Since OpenAI board members ousted him on Friday, November 18, Sam Altman’s next move has been the subject of intense speculation. Will he mount a comeback as the Artificial Intelligence (AI) firm’s CEO? Launch a new chipmaker to rival NVIDIA? Or perhaps pursue his AI hardware project with Apple’s Jony Ive?
Altman is hardly short of options when it comes to his next steps. Anywhere he ends up, employers will have to deal with potential conflicts of interest arising from the tech founder’s vast entrepreneurial ambition.
Officially, Altman was fired from OpenAI because he was “not consistently candid in his communications with the board.”
Before the dust had even settled on his unexpected departure from OpenAI, on Monday morning, Bloomberg reported that Altman had spent the previous weeks touring the Middle East, soliciting investment for a new venture: Tigris.
According to the report , the Tigris project sought billions of dollars to found a new chip manufacturer geared toward the AI sector.
In a semiconductor market dominated by NVIDIA, the proposed chipmaker would research and develop Tensor Processing Units (TPUs) – a type of application-specific integrated circuit (ASIC) designed to handle machine learning workloads.
But Sam Altman’s interests extend far beyond AI training hardware.
A second potential distraction that may have complicated his position at OpenAI is Altman’s collaboration with Apple’s former chief design officer, Jony Ive.
According to a recent Financial Times report, Altman tapped Ive’s design firm LoveFrom to help develop a new consumer device for OpenAI.
With Softbank CEO, Masayoshi Son, reportedly prepared to bankroll the project, the two Silicon Valley bigshots are said to have been inspired by the way the iPhone’s touchscreen transformed the way people use the internet. However, with no deal signed and OpenAI’s charismatic CEO now freelance, there’s no guarantee the company will have a role in any future development.
Between TPU’s and the iPhone for AI, Altman’s interest in hardware sends a clear message.
Until now, AI has borrowed or repurposed technology originally designed for different purposes. But as the space evolves, custom-built equipment could come to play a much larger role.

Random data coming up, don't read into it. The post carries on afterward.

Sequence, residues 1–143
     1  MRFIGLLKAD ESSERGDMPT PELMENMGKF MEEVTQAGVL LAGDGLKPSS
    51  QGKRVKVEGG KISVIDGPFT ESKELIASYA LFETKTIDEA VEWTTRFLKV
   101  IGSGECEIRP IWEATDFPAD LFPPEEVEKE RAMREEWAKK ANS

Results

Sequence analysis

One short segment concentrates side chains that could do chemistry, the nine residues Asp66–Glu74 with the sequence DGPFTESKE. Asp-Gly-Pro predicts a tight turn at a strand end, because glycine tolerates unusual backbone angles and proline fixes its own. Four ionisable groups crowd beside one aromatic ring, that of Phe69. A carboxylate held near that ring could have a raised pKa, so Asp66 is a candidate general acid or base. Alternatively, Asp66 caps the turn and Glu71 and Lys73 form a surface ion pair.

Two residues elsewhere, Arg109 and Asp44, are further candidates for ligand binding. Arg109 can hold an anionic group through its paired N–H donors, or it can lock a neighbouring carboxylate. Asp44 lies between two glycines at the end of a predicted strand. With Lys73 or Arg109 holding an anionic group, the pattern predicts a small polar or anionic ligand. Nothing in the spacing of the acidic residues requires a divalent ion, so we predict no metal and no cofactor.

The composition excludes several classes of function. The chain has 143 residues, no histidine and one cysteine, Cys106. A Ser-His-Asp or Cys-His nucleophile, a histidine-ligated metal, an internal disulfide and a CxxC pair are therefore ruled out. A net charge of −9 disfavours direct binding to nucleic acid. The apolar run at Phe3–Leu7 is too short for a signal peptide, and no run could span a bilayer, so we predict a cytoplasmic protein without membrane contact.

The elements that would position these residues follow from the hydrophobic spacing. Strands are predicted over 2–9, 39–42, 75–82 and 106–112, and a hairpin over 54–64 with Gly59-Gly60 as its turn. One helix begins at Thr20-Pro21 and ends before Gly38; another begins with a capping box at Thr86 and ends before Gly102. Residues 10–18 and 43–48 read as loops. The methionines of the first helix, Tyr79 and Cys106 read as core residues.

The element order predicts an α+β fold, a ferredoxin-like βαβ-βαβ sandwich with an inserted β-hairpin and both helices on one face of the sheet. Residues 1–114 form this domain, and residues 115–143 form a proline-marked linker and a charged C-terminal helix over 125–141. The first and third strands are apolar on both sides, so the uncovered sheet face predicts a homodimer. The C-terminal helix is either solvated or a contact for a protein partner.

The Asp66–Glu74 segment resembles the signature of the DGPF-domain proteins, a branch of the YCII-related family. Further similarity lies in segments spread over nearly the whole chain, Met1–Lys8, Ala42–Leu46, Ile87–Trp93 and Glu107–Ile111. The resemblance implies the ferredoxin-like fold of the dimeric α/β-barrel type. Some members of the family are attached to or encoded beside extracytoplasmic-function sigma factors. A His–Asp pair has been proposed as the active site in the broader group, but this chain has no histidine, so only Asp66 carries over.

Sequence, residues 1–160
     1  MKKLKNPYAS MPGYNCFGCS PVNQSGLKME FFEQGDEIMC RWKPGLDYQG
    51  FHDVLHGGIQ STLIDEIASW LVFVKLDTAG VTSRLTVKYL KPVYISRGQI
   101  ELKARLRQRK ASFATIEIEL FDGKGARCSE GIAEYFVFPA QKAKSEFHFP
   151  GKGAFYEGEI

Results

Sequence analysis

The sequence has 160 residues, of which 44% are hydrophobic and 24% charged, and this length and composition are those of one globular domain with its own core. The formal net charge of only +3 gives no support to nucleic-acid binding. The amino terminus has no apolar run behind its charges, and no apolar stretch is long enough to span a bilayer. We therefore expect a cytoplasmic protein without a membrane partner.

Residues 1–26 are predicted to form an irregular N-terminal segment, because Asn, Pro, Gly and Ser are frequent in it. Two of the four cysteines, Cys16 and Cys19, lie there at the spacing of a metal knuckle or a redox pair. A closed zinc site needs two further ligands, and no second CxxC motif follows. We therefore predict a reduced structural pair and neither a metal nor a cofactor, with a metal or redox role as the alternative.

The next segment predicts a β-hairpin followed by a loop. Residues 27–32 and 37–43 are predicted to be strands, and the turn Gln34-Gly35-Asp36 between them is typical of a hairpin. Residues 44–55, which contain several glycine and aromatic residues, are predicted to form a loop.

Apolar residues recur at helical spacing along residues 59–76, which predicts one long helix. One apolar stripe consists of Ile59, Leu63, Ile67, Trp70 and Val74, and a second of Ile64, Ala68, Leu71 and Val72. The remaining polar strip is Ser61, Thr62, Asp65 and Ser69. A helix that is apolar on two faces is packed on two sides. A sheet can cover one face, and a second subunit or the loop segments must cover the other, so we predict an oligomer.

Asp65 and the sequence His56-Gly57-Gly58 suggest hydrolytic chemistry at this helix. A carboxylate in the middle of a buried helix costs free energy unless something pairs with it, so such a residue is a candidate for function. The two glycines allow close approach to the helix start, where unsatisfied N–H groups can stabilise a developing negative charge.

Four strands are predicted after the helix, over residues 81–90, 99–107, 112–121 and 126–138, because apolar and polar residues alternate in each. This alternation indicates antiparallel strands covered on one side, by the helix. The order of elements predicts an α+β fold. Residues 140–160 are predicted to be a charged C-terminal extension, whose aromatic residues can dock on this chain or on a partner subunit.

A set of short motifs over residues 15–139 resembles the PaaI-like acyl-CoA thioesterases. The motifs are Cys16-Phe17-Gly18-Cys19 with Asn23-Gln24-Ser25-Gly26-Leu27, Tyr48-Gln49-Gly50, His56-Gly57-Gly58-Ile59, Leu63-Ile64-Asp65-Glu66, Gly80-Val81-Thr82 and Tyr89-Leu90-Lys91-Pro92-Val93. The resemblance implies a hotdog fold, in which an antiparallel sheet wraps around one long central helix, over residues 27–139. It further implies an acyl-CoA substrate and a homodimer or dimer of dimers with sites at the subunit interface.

In a recent interview with CCN, Rajiv Khemani, the CEO of Auradine, a company that builds Bitcoin mining equipment, discussed the limitations of the technology that companies like OpenAI currently use in their AI-training supercomputers.
“I think things will need to become more efficient and secure going forward because the current trajectory is not sustainable in the deployment of these leading-edge GPUs,” Rajiv Khemani observed.
Of course, the field of Bitcoin mining had its own ASIC revolution when Auradine’s predecessors launched the first purpose-built mining rigs in the previous decade. Meanwhile, in the field of AI, dedicated hardware is only just emerging.
Google started using cloud TPUs to train machine learning models in 2015 but only created the first custom AI chip in 2018. With the technology still in its infancy, the potential rewards are huge for any company that can further optimize TPUs and bring the first widely accessible, scalable product to market.
Meanwhile, consumer-facing AI interfaces promise to be just as lucrative in the coming years.
According to one study , the market for smart speakers like Amazon Alexa and Google Home is expected to reach $100B by 2032. But for the kind of device that Altman and Ive are reportedly working on, the $500B+ smartphone industry may be an even better benchmark.
For now, Altman has found employment with Microsoft, where he is heading up a new advanced AI research team alongside fellow OpenAI exile Greg Brockman.
In the end, whether it’s at Microsoft, Tigris, or some other as-yet-unidentified venture, as the AI sector continues to evolve, I’m sure there’s more to come from one of its most restless innovators.